International Transgender Day of Visibility is a day to celebrate trans folks and raise awareness about the discrimination and violence that targets them. On Transgender Day of Remembrance, we shared some of the challenges trans and non-binary youth are faced with. Today, we’d like to share some of the ways that trans and non-binary youth feel supported.
Every day is a day to act towards ending racism, and today is the International Day for the Elimination of Racial Discrimination (IDERD). We condemn racism in all its forms, and especially the anti-Black, anti-Indigenous, and anti-Asian racism and hate crimes that have surfaced throughout the pandemic at the hands of white supremacy. Hateful actions need to stop and white supremacy must be dismantled.
Join us for a webinar and Q&A about the links of provincial policy, IDs, and gender affirming care to trans and non-binary youth health
How is access to gender-congruent ID related to mental health outcomes? Does having a primary care provider increase access to gender affirming care and does this access change depending on the level of comfort towards the primary care provide? What is the link between Canadian provincial health services policy and access to gender affirming care? Join us for a webinar on February 2nd where we discuss the research behind these questions.
The link between LGBTQ-supportive communities, progressive political climate, and suicidality among sexual minority adolescents in Canada
Despite supportive structural changes to reduce stigma towards lesbian, gay, and bisexual, transgender, queer, and questioning (LGBTQ) Canadian residents, sexual minority youth still face disparities compared to heterosexual peers. We aimed to characterize LGBTQ-supportive environments and political climates, and examine their links to suicidal behavior among sexual minority adolescents in western Canada.
LGBQ Youth’s Experiences of General and Bias-Based Bullying Victimization: The Buffering Role of Supportive School and Community Environments
Lesbian, gay, bisexual, queer, and questioning (LGBQ) adolescents experience large disparities in an array of health problems and bullying experiences. Supportive LGBTQ community and school climates may protect LGBQ youth from general and bias-based bullying victimization.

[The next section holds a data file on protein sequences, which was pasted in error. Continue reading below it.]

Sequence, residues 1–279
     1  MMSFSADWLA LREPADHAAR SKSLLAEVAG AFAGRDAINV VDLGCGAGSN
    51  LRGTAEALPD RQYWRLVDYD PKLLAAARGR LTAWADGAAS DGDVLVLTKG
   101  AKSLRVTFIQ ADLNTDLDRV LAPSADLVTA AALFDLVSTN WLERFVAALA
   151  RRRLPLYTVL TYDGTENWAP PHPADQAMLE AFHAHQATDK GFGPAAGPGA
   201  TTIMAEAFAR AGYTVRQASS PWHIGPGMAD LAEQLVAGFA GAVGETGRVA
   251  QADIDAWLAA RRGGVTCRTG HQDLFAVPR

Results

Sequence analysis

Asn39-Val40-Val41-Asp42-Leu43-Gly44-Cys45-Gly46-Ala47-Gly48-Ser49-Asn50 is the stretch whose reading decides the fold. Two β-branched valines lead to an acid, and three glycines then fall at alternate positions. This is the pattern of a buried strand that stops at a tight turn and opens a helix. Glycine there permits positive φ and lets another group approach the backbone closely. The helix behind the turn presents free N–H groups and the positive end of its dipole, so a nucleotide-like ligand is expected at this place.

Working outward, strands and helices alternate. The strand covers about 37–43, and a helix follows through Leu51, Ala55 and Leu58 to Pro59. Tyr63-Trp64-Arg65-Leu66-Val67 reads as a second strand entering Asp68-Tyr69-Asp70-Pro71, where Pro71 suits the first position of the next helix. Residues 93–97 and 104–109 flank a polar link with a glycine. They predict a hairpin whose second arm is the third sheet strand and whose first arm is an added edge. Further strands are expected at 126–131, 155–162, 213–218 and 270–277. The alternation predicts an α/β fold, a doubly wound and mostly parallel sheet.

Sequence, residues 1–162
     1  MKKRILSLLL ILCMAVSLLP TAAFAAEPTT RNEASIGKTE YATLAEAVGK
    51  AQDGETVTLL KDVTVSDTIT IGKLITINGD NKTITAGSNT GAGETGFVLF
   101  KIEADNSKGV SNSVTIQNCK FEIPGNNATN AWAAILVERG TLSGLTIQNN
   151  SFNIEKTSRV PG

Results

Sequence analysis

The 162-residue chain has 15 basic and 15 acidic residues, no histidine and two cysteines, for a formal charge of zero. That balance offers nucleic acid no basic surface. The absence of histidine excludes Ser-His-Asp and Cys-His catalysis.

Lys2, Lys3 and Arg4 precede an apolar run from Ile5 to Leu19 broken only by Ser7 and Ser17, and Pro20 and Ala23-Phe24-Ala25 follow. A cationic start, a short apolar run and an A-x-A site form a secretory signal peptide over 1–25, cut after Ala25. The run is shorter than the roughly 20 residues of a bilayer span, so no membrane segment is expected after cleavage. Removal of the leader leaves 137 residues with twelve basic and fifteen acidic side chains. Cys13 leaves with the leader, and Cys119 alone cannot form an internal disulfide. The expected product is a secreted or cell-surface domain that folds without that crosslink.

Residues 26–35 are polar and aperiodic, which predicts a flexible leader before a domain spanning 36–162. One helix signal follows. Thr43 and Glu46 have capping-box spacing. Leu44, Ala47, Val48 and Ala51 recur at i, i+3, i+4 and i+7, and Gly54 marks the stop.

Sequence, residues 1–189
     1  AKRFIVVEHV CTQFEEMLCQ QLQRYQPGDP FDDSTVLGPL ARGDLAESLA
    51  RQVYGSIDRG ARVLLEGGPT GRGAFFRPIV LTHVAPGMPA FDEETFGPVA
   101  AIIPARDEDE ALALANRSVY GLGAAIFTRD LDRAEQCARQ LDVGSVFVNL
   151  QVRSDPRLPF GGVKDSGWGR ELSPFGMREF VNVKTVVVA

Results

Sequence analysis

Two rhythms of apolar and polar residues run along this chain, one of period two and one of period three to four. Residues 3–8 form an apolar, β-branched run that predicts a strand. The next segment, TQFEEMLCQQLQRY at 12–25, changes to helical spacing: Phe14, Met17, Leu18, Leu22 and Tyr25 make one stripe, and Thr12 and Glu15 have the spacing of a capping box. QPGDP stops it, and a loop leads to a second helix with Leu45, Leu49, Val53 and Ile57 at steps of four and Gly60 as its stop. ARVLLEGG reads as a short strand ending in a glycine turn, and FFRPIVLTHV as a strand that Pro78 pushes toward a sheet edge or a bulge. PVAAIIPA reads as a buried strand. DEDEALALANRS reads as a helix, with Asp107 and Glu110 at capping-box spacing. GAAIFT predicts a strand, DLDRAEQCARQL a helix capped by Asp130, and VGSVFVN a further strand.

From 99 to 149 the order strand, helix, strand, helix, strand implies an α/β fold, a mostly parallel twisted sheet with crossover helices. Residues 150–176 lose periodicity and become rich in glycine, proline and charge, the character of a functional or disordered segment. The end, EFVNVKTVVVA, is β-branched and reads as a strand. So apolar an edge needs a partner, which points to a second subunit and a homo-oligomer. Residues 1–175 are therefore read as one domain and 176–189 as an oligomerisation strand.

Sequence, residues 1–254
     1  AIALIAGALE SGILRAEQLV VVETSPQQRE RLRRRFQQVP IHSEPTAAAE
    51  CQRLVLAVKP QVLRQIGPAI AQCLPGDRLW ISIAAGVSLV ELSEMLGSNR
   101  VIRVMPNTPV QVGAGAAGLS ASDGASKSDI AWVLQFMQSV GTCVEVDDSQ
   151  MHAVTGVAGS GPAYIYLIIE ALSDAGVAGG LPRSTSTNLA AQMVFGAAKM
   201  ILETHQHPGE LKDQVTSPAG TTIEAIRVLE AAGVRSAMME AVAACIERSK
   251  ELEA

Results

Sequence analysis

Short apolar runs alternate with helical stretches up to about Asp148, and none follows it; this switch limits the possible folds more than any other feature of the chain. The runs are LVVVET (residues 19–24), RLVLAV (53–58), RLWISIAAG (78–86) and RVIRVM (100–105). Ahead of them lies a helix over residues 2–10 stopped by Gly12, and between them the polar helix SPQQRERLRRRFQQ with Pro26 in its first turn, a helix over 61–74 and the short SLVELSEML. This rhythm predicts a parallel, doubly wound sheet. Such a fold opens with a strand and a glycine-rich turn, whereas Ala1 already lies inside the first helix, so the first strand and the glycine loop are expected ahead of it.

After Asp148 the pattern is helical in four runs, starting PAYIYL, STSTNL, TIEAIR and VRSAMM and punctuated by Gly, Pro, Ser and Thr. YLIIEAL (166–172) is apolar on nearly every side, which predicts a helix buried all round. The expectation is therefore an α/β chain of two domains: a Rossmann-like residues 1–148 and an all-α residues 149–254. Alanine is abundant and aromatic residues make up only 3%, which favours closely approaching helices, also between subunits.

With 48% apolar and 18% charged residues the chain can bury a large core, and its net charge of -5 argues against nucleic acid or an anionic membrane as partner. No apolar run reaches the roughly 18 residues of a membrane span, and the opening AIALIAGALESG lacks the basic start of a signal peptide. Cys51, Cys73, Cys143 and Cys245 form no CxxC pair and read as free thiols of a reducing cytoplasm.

This study explored how transgender (trans) youth and parents of trans youth made decisions around hormone therapy initiation as well as trans youth experiences of barriers to care.
This fact sheet presents research findings about 2SLGBTQIA+ youth and their cisgender and heterosexual peers in Ontario, Canada, and beyond.
The following infographic shows a timeline of sexual and gender minority rights in East Asia. The download is available in English, Traditional Chinese, Simplified Chinese, Japanese, and Korean.
The LGBTQ Supportive Environments Inventory: Methods for quantifying supportive environments for LGBTQ youths
Abstract The social environment in which lesbian, gay, bisexual, transgender, and queer (LGBTQ) youths live influences health and well-being. We describe the development of the LGBTQ Supportive Environments Inventory (LGBTQ SEI), designed to quantify the LGBTQ-inclusiveness of social environments in the United States and Canada. We quantify aspects of the social environment including: (1) presence/quality […]
“It makes such a difference”: A examination of how LGBTQ youth talk about personal gender pronouns across North America
ABSTRACT Background and purpose: The World Health Organization has developed standards for youth-friendly health services to support adolescents and encourage health care utilization among youth. Necessary building blocks for youth-friendly care include strong interpersonal relationships between youth and health care providers. Nurse practitioners (NPs) may be particularly well positioned to form these relationships. This study […]